Part 3

Marinko Rade, Michael Shacklock, Mervi Könönen, Jarkko Marttila, Ritva Vanninen, Markku Kankaanpää, Olavi Airaksinen
2015 Spine  
Study Design. Controlled radiological study. Objective. Verify (1) whether conus medullaris displacement varies with the range of hip fl exion and (2) whether the acquired data support the "principle of linear dependence." Summary of Background Data. We have previously quantifi ed normal displacement of the conus with unilateral and bilateral straight leg raise (SLR) and have described the "principle of linear dependence." However, we have since effected methodological advances that have
more » ... d data that surpass previous studies. Methods. Ten asymptomatic volunteers were scanned with a 1.5-T magnetic resonance scanner using T2-weighted spc 3-dimensional scanning sequences and a device that permits greater ranges of SLR. Displacement of the conus medullaris during the unilateral and bilateral SLRs was quantifi ed reliably with a randomized procedure. Results. Pearson correlations were higher than 0.99 for both intraand interobserver reliability and the observed power was 1 for each tested maneuver. The conus displaced caudally in the spinal canal by 3.54 ± 0.87 mm ( μ ± SD) with unilateral ( P ≤ 0.001) and 7.42 ± 2.09 mm with bilateral SLR ( P ≤ 0.001). Conclusion. To the authors' knowledge, these are the fi rst data on noninvasive, in vivo , normative measurement of spinal cord displacement with the SLR test at 60 ° of hip fl exion. Conus medullaris displacement increased with hip fl exion angle, while maintaining the relationship between magnitude of conus displacement and number of nerve roots involved into the movement, supporting the "principle of linear dependence." The use of T2-weighted spc 3-dimensional sequence allows for better reliability testing, which is important for future clinical utility. DISCUSSION We investigated in vivo spinal cord displacement in the thoracolumbar vertebral canal during the clinically applied unilateral SLR on each side and bilateral SLR in asymptomatic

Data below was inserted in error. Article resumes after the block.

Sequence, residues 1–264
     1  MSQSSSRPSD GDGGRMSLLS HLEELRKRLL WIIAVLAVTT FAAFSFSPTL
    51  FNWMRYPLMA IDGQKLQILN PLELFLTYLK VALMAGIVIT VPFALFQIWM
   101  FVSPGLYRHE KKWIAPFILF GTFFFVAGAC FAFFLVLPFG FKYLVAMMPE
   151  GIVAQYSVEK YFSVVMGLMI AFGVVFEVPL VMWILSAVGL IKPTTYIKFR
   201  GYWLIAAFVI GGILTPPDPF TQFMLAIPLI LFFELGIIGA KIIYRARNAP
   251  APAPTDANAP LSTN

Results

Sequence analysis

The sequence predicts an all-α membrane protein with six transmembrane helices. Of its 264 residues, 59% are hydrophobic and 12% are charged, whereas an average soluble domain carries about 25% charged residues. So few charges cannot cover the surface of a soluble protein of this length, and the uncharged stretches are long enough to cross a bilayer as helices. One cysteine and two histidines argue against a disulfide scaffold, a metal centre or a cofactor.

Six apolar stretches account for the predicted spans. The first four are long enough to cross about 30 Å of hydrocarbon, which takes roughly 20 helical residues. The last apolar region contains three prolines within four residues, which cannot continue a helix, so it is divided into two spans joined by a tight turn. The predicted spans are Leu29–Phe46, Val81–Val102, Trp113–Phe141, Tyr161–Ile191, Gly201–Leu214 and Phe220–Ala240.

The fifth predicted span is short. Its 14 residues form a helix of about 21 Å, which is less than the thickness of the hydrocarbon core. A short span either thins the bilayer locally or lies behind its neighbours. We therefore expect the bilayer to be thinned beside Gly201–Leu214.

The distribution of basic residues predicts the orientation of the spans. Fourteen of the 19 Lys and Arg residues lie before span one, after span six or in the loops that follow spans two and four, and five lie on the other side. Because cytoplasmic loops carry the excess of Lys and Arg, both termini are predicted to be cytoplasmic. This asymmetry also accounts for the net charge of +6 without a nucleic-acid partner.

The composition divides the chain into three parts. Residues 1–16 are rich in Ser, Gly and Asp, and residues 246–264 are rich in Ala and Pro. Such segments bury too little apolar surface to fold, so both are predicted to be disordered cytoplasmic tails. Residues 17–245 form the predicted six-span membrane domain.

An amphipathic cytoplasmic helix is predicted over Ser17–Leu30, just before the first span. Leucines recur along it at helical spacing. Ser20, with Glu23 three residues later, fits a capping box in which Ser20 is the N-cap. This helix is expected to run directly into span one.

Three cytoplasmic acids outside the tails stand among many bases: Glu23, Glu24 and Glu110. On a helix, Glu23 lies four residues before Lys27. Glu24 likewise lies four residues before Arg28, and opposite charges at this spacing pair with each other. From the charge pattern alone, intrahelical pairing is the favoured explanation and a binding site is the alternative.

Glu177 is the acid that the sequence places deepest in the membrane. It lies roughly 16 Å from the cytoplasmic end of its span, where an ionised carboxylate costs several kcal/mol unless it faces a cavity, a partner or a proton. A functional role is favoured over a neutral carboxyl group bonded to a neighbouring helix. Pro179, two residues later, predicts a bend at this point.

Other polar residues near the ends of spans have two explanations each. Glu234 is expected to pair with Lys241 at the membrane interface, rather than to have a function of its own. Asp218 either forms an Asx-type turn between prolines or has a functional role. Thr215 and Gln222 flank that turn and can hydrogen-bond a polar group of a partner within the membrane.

doi:10.1097/brs.0000000000000914 pmid:25839389 fatcat:gt4tjiz5r5c3tc234nrfpeccce